Watch: The Queen’s Role in Prince Philip’s Funeral
No members of the Royal Family will give a eulogy or conduct a reading during the funeral for Prince Philip, the order of service has revealed.
It was previously suggested Prince Charles may pay tribute to his father, but the order, released on Friday evening ahead of Saturday's ceremony, shows only members of the clergy will speak during the traditional service.
There was no eulogy at the funeral of the Queen Mother in 2002, nor is it common practice for members of the Royal Family to give them in services.
The service will reflect the duke's "unwavering loyalty" to the Queen and his "courage, fortitude and faith".
There will be no sermon, in line with his wishes.
The service will be led by the Dean of Windsor, Reverend David Connor, with the blessing said by the Archbishop of Canterbury, Justin Welby.
It follows much of the order of the Book of Common Prayer, used by the Church of England, but there have been some adaptations requested by Prince Philip, which will reflect his naval career.
His love of the sea and his association with the Royal Navy will be a big part of the ceremony.
Music includes Eternal Father, Strong to Save, a hymn usually associated with seafarers and the maritime armed services. It was also sung at the funeral of Lord Mountbatten in 1979, the duke's beloved uncle who was killed by the IRA in Ireland.
The duke was mentioned in despatches for his service during the war. He was a midshipman aboard HMS Valiant off the southern coast of Greece when he earned his honourable citation.
He gave up a burgeoning naval career in 1952 to be alongside the Queen as she suddenly acceded to the throne following the death of her father.
That devotion to service will be reflected in Saturday's ceremony.
The Dean of Windsor, in the Bidding, will say: "With grateful hearts, we remember the many ways in which his long life has been a blessing to us.
"We have been inspired by his unwavering loyalty to our Queen, by his service to the Nation and the Commonwealth, by his courage, fortitude and faith.
"Our lives have been enriched through the challenges that he has set us, the encouragement that he has given us, his kindness, humour and humanity."
The funeral will be attended by just 30 mourners, a dramatic downsizing of the 800 guests it was originally thought would be there, before the service had to be adapted to fit coronavirus restrictions.
The Queen, 94, will have to sit alone, while all mourners will wear face coverings.
Many of the guests will be there without people from their support bubbles or households so there will be many others sat alone, and socially distanced.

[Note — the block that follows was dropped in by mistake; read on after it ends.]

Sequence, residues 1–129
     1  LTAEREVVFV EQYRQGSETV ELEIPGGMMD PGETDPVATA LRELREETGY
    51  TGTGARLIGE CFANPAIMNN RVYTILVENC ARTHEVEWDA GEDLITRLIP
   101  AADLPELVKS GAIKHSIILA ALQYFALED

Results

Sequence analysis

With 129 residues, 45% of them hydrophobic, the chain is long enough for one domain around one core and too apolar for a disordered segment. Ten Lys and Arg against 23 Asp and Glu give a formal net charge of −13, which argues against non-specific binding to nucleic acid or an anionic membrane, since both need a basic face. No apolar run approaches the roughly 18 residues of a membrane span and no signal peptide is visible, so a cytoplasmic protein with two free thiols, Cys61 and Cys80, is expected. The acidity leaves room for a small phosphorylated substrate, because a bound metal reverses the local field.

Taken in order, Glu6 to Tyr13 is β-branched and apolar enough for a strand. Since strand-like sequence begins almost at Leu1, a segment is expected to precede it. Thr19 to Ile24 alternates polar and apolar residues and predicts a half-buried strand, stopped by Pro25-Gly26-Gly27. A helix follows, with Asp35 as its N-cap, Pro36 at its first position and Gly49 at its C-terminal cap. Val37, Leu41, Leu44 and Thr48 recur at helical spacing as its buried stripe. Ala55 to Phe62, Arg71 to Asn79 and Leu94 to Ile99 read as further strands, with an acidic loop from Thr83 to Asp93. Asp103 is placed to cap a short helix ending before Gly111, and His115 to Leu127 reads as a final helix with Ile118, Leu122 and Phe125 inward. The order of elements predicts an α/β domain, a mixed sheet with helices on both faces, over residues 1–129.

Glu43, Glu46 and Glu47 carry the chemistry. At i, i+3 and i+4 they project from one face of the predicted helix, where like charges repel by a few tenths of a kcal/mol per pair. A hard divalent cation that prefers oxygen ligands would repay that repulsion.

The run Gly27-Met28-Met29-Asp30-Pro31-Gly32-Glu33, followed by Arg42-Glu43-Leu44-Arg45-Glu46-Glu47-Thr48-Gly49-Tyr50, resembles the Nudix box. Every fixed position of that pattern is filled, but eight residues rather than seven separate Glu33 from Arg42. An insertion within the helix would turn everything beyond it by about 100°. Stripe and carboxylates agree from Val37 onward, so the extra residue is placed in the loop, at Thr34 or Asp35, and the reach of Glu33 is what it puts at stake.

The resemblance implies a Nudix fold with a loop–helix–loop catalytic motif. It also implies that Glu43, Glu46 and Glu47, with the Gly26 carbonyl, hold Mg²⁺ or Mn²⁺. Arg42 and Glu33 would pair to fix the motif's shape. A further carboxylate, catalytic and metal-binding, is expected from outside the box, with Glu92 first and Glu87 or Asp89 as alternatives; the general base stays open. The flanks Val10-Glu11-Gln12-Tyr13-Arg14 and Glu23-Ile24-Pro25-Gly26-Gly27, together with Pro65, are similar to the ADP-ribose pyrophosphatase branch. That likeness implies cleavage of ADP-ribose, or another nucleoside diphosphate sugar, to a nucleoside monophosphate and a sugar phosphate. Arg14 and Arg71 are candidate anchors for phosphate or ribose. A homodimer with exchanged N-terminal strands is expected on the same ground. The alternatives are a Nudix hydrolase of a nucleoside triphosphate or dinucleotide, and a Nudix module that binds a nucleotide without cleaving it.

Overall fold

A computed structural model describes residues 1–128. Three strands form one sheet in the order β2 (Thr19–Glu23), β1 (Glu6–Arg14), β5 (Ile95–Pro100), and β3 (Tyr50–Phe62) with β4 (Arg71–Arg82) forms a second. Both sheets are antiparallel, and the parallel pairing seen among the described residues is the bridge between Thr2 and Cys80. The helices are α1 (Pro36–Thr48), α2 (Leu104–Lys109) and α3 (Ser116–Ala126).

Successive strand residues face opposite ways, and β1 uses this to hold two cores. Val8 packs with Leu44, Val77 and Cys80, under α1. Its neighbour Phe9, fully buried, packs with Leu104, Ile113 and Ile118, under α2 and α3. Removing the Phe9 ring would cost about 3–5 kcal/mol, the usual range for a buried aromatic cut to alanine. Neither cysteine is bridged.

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The clergy and choir is not counted in the numbers of mourners. However the choir will consist of just four singers.
The choir will sing while the Royal Family who walked in the procession take their seats.
Three sentences, which consist of one or two Bible verses each, will be said, in line with the traditional funeral service of the Church of England.
The Dean of Windsor will say the bidding, followed by the hymn requested by the duke.
The Dean will read for the first lesson from the Ecclesiasticus, part of the apocrypha, including the section: "Those who sail the sea tell stories of its dangers, which astonish all who hear them; in it are strange and wonderful creatures, all kinds of living things and huge sea-monsters. By his own action he achieves his end, and by his word all things are held together."
More songs and readings will follow, including Psalm 104, requested by Philip to be set to music. It was first sung for his 75th birthday.
The Dean and the Archbishop will continue with traditional collects and prayers at the end of the service, before the coffin is lowered into the Royal Vault in the chapel.
Closing the service will be a piper playing a lament, a bugler sounding the Last Post and then the action stations.
Action stations is sounded on naval warships to signal all hands must go to battle stations. It has been added to the service at the duke's specific request.
A senior Palace official said: "Action Stations is a naval tradition and it is an announcement that would be made on a naval warship to signify that all hands, all those serving, on that warship should go into battle stations."
A Palace spokesman added: "I think it just goes to show the level of detail that the duke went into around his own funeral service.
"It is a fitting testimony to remind many people who might not realise that the duke saw active service in the Second World War aboard a ship in the Royal Navy."
The official added: "The Last Post bugle call signifies the end of the day’s activities, or, on this occasion, that a soldier has gone to his final rest."
The service will be live on BBC and ITV.